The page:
I hope that you will avoid this mistake in your designs. Flexible PCBs move. Expect mechanical strain. I managed to stabilize my boards with a tiny dab of glue on both sides.

... and that leads me to my current design and contest submission....

At first, I considered submitting a redesign to Hackaday's Flexible PCBs competition, but the contest reward is limited to a board size of 2 square inches or less and my original board design is 17.5 inches long -- a PCB behemoth. Luckily, constraints are often the mother of invention. I'm still ballooning outside of 2 square inches, but at least the Hackaday contest constraint got me thinking.

Here's a screenshot of my latest approach to a moth bus PCB, which measures 1.75 x 4 inches. Yes, I could make it smaller but then the moth wings would be so tiny and sad! No.

(My apologies for the KiCad fill zones borders being visible in this screenshot.)

My new design is a single "moth bus" unit for addressing up to 10 LEDs with an external controller. My board features solder pads on the moth's head and tail enabling these units to be daisy-chained for as long as desired, or until the resistance of the copper gets too high. 

For the literal-minded among you: this board is a single unit for addressing 10 LEDs via an external controller. For a longer bus / more LEDs, solder these units end-to-end.

For the artistic among you: yes, you can make almost any circuit board into a cool shape.

If you're very observant, you might be wondering why I placed two pads called "IC3_Qn" for connecting only one extra wire. It's because I plan to use these holes to physically position the moth's wings. I've spaced them a little further apart in designs that are slightly more recent than the one pictured here in order to give myself a more mechanical leverage.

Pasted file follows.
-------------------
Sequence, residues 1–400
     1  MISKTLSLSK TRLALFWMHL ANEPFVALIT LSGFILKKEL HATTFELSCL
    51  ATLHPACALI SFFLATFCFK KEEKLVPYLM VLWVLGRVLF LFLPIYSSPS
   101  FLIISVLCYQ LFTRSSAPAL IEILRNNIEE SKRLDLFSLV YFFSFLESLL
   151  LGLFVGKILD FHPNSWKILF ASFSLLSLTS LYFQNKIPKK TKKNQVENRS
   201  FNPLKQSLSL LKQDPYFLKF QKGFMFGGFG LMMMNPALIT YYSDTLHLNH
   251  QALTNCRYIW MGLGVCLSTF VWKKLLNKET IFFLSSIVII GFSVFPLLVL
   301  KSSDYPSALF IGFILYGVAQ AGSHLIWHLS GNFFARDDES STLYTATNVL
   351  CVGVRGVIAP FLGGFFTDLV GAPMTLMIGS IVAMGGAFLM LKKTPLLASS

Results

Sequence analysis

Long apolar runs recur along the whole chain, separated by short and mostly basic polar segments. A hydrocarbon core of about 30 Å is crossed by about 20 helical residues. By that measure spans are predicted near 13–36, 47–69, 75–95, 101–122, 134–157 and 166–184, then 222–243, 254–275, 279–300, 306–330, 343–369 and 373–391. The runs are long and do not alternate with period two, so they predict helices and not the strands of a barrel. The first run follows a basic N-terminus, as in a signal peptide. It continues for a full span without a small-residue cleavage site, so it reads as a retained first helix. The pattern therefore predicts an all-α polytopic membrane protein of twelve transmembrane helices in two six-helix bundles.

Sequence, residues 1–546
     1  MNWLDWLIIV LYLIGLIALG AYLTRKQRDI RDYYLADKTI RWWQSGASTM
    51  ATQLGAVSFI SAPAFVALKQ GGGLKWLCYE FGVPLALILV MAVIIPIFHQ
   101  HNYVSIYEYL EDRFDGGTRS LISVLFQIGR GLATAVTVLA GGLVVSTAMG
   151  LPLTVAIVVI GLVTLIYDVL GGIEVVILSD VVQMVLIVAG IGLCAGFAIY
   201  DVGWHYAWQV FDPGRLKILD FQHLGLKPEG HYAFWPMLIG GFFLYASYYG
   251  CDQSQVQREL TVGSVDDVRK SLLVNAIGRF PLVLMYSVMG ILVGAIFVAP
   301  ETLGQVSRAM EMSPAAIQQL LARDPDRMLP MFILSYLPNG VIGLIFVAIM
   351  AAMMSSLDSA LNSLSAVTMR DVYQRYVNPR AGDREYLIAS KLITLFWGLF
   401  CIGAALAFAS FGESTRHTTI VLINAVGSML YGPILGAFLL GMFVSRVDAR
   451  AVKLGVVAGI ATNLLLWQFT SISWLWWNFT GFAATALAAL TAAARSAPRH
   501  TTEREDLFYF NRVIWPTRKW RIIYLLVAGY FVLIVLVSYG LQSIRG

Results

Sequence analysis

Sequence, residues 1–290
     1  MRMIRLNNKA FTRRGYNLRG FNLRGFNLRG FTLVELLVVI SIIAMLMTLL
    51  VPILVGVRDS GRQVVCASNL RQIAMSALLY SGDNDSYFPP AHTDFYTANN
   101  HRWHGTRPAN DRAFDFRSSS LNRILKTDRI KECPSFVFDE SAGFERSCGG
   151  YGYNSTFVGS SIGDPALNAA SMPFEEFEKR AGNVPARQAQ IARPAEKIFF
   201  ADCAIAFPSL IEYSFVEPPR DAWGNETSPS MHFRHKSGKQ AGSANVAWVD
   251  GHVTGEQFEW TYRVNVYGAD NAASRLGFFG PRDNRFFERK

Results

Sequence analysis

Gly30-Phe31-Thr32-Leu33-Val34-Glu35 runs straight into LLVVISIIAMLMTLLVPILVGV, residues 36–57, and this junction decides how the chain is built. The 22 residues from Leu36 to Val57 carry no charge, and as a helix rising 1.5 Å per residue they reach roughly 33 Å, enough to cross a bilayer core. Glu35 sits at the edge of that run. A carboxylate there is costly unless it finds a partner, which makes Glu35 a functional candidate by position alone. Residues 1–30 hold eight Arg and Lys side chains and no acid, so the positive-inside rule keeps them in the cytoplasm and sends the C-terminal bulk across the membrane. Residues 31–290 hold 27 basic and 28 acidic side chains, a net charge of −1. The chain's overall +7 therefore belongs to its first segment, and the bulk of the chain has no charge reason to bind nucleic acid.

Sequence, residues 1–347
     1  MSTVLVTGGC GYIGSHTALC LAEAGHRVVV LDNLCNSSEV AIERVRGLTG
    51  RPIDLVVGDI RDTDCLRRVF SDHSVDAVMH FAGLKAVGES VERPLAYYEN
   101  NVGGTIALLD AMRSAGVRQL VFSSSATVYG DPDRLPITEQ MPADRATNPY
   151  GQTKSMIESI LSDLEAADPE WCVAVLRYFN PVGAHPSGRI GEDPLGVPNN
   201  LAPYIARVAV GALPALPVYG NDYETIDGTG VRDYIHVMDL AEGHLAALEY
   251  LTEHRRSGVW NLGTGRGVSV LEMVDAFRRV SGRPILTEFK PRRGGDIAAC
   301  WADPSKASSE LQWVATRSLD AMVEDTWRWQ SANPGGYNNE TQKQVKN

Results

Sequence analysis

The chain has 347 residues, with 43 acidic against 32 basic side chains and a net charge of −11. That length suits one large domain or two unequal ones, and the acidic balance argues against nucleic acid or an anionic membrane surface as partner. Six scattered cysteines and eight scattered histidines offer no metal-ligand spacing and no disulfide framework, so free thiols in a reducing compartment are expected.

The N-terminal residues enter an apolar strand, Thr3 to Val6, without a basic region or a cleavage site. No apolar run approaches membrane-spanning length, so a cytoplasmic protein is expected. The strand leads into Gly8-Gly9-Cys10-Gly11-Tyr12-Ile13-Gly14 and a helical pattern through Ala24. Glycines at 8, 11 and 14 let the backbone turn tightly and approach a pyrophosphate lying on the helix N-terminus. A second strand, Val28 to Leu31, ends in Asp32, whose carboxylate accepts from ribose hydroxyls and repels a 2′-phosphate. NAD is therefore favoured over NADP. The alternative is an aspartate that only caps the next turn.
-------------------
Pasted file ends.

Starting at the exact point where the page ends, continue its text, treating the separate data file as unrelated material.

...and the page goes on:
Here's my quick-and-dirty moth bus schematic:

Here's a photo of a scale paper mock-up that illustrates how my moth bus will look when four units are soldered together:

And here's a close-up illustrating the end-to-end solder pads that should, in theory, connect the moth bus to make a long strand of individually addressable LEDs:

As you can see from my paper mock-ups, a flexible circuit substrate enables me to position the wings in space (along with their associated LEDs). 

Hopefully it's evident why my board design exceeds the 2 square inch requirement: my moths *are* sculpture -- they are meant to be seen. Visible electronics are a critical dimensions of my art. I don't want to make teeny tiny moths that are barely visible.

I would also like to manufacture these moths without solder mask because I really like the see-through effect that a flexible PCB substrate offers. Concerning the relationship between PCB transparency, beauty, and nature.... here's a photo of a leaf that I designed in 2013 and manufactured myself using nasty home-brewed ferric chloride etching:

If you're wondering about the green color on the top leaf, I painted that on after I made the board. (The green paint is translucent because I added medium-bodied acrylic medium.)


Last but not least, if you like my work, please give me your vote towards the 2019 Hackaday competition. While my work can hardly be called "product design," the world would be a very boring place with only products and no art.